I still remember to this day the shock, disgust and incredulity I felt watching the Westboro Baptist Church on TV for the first time. I could not believe that they proudly chanted and campaigned against values I presumed were universally shared. It was a truly shocking documentary filmed by Louis Theroux and in the following 15 years, each time I saw them make an appearance on a programme, my reaction remained consistent. One of the factors that made it even more bewildering was Megan Phelps, the granddaughter of the Church’s leader, was roughly the same age as me and so it was fascinating to see a girl that would not have looked out of place sitting in the same class as me at school, talk so passionately and in certainty that gay people would be sent to hell and justify the picketing of soldier's funerals to inform their families that the same fate awaited them.
Each time I saw her on TV, I was saddened to see how a clearly intelligent and articulate person could have had their world view poisoned and to deliberately bring so much negative attention on herself. I found the whole scenario extremely baffling but intriguing as well. When I found out that Phelps had been invited on the Joe Rogan Experience, one of the biggest podcasts in the world, I really looked forward to listening, as Rogan has the time to ask questions in a manner like no one on TV as he is not constricted by time and does not edit anything out. To my surprise though Megan had since left the church and is now ostracised by her family. The episode and Megan are fascinating as she has managed to pull herself out of the family’s bile and hate with compassion and intelligence. The podcast provided her with a platform to offer insight into the church and her past and current life that is so hard to fathom.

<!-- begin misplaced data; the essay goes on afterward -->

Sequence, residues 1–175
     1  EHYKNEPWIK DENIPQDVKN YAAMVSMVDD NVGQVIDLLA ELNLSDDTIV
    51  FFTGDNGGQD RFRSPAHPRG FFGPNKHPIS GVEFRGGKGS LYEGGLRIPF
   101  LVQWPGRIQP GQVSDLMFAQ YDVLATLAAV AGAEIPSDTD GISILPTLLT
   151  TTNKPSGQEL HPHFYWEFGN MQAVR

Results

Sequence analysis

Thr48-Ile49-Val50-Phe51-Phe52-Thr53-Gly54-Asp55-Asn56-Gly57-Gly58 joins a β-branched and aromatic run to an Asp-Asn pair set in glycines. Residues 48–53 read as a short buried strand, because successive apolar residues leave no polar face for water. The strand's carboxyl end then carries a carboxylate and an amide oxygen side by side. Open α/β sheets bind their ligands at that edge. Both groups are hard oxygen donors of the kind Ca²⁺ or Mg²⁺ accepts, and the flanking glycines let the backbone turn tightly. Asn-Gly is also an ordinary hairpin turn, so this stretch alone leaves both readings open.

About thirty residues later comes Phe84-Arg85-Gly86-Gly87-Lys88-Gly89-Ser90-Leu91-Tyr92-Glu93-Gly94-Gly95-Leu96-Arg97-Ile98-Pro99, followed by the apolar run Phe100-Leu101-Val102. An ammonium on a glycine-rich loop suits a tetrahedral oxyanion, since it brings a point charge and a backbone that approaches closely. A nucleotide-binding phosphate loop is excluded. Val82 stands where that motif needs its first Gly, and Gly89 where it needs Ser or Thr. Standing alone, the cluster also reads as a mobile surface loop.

The story she provides about leaving the church is truly incredible and a lesson for us to think about when we are establishing the best way to influence someone out of an entrenched mindset. Whilst she was still in the church, she used social media to target groups with the church’s message. Then she engaged David Abitbol, a prominent Jewish personality on Twitter, initially to bait him, then to learn more about Judaism so she could use it to her own advantage when debating other Jews. His response at first was to mock her, but then he changed tact and began asking questions of her and the church’s message. Instead of becoming embroiled in fiery discourse which usually results in neither side wanting to back down, only serving to entrench the other side deeper into their position, he began influencing her by listening to what she was saying and enquiring into the logic of her reasoning. This made her question threads of the church’s rhetoric and start to arrive at conclusions she had not thought about before.
Abitbol was effectively intrinsically influencing her thoughts and feelings on a hugely personal and emotive topic, leading to an astounding switch in position which not only led to a revelation in Phelps’ mind, but also unimaginable heartbreak of deciding to leave her church and family for good.
The next time you are faced with a challenge which involves you influencing someone that is in an entrenched mindset, consider not just what you say to them, but also what you ask. It could be the difference between success and failure.